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His foray into wine came in the early 1980s when he established a wine import firm: Michel Monzain Selected Wines. The firm prospered, and he eventually established offices in New York and Los Angeles and even had an interest in a German winery in the Mosel region. He relocated to Dallas after his far-flung offices on the coasts proved too impractical.
Disaster struck in the mid-1980s with a series of scandals after wines from Italy, Germany and Austria were found to have been contaminated with diethylene glycol (an ingredient in antifreeze) and methanol. At least eight deaths in Italy were blamed on the methanol contamination. The scare strangled European wine imports to the United States, and Monzain's business began to unravel.
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But just as his business was collapsing, Monzain says he was approached by Midlothian businessman Tony Sanders, who founded Tony's Wine Warehouse in April 1987. "After eight months and he had lost enough money, he said 'Do you want it? With the debts?'" Monzain says. "He got into it for fun, and the fun got enough." Monzain purchased the business in January 1988. "Our original idea was to go about and buy the total output of some of the special wineries over there [Europe] and bring it back over here," says Sanders, now a real estate investor and close friend of Monzain's. "It's basically the same concept that we started with." Sanders says buying from closeout lists was also part of the strategy.
For the first five years, Monzain ran Tony's strictly as a retail wine shop. But he slowly transformed the business into a wine education source through classes and charity donations. Classes grew steadily from once a month to once a week; eventually, he crowded the schedule with several classes a week. The restaurant came years later at the behest of his customers, he says. The restaurant seems an afterthought, though, as the service is clumsy (some servers don't speak English) and the food mostly mediocre.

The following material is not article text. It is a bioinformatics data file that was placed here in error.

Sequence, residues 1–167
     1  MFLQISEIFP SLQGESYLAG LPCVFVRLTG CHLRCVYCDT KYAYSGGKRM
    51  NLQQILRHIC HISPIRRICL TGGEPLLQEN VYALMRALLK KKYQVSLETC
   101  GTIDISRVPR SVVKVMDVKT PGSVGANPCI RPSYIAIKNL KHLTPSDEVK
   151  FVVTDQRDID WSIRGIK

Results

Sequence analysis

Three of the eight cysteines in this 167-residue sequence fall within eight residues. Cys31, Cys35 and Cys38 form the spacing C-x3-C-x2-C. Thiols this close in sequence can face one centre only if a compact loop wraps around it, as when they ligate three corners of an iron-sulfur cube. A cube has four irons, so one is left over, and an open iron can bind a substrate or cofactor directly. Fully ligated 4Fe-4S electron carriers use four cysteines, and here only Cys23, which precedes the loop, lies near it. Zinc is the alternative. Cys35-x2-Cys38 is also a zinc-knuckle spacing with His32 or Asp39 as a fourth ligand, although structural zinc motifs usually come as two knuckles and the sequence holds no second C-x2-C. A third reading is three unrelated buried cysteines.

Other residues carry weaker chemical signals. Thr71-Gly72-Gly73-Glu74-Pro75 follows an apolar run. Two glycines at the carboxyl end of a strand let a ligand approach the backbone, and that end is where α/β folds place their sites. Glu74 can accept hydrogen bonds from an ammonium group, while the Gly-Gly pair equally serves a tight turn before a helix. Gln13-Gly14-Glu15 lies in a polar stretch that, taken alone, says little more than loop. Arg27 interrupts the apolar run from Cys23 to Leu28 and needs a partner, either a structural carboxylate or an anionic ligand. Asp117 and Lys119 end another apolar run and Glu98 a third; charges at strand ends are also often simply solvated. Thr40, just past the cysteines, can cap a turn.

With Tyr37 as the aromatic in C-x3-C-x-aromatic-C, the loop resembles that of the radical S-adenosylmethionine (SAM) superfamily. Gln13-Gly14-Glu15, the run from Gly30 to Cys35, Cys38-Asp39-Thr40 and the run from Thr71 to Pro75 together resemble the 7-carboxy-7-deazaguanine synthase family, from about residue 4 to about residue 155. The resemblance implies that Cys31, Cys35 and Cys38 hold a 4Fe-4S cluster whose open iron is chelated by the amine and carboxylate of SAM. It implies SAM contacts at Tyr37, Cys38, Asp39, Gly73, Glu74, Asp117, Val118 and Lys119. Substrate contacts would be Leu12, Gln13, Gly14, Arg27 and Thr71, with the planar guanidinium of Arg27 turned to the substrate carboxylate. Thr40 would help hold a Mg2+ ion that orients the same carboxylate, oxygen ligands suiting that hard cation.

Monzain deliberately targets novice wine enthusiasts, eschewing often tiresome wine sophisticates. "The message here is wine is agriculture, not snobbism," he says. "People like our message. The wine snobs don't like our message."
He also seems to have taken a cue from the wine contamination scandals that ravaged his import business. Monzain insists the wines he carries are from small producers and are chemical-free. Taped near Tony's cash register is a recent article about a Dutch study linking wine consumption with a reduced risk of stomach cancer. Scrawled in pen at the top of the article is a caveat: small-production wines only. But are the wines Tony's carries exclusively from small producers?
After perusing Tony's wine stock on several visits, we found two wines with the Silver Ridge label, including the 2001 Barrel Select California Silver Ridge Petite Syrah for $34.95 (suggested retail is $10, according to the winery). Silver Ridge is produced by the Bronco Wine Company of Ceres, California--the fourth-largest winery in the United States, selling an estimated 20 million cases annually, according to Wine Business Monthly. Bronco gained fame with its Charles Shaw wines, nicknamed the "two-buck Chuck" after they went on sale in the Trader Joe's grocery chain for $1.99 a bottle.
The Tony's wine class tasting list includes a Chardonnay and a Merlot from Salmon Creek, also a Bronco brand. Last spring Bronco CEO Fred Franzia, nephew of E. & J. Gallo Winery co-founder Ernest Gallo, challenged restaurants to limit wine list markups and sell Salmon Creek wines for less than $10 a bottle after he offered to set a wholesale price of $2.50. Tony's front-line prices on these wines are $35.95 for the Chardonnay and $34.95 for the Merlot, which drop to $11.98 and $11.65 respectively with case discounts.
Yet Monzain insists Salmon Creek is a small-production label in the Bronco portfolio. Bronco doesn't disclose specific case production figures, but a spokesman for the winery said that the big value/price relationship Bronco is seeking with Salmon Creek requires fairly substantial case production levels.
Monzain shakes his head and pulls a 1992 Gallo Northern Sonoma Estate Bottled Chardonnay from his shelf to illustrate. Just 2,025 cases of this $30 suggested-retail-price wine were produced (he says he sells it for between $50 and $60). "This is handmade," he says, presenting the label. "You think the family is going to drink the other stuff?"
For our case purchase, the salesman offered us tastes of most of the wines he presented but cautioned he would not be able to meet our pricing criteria. "I can help you with ones a little higher up," he said.
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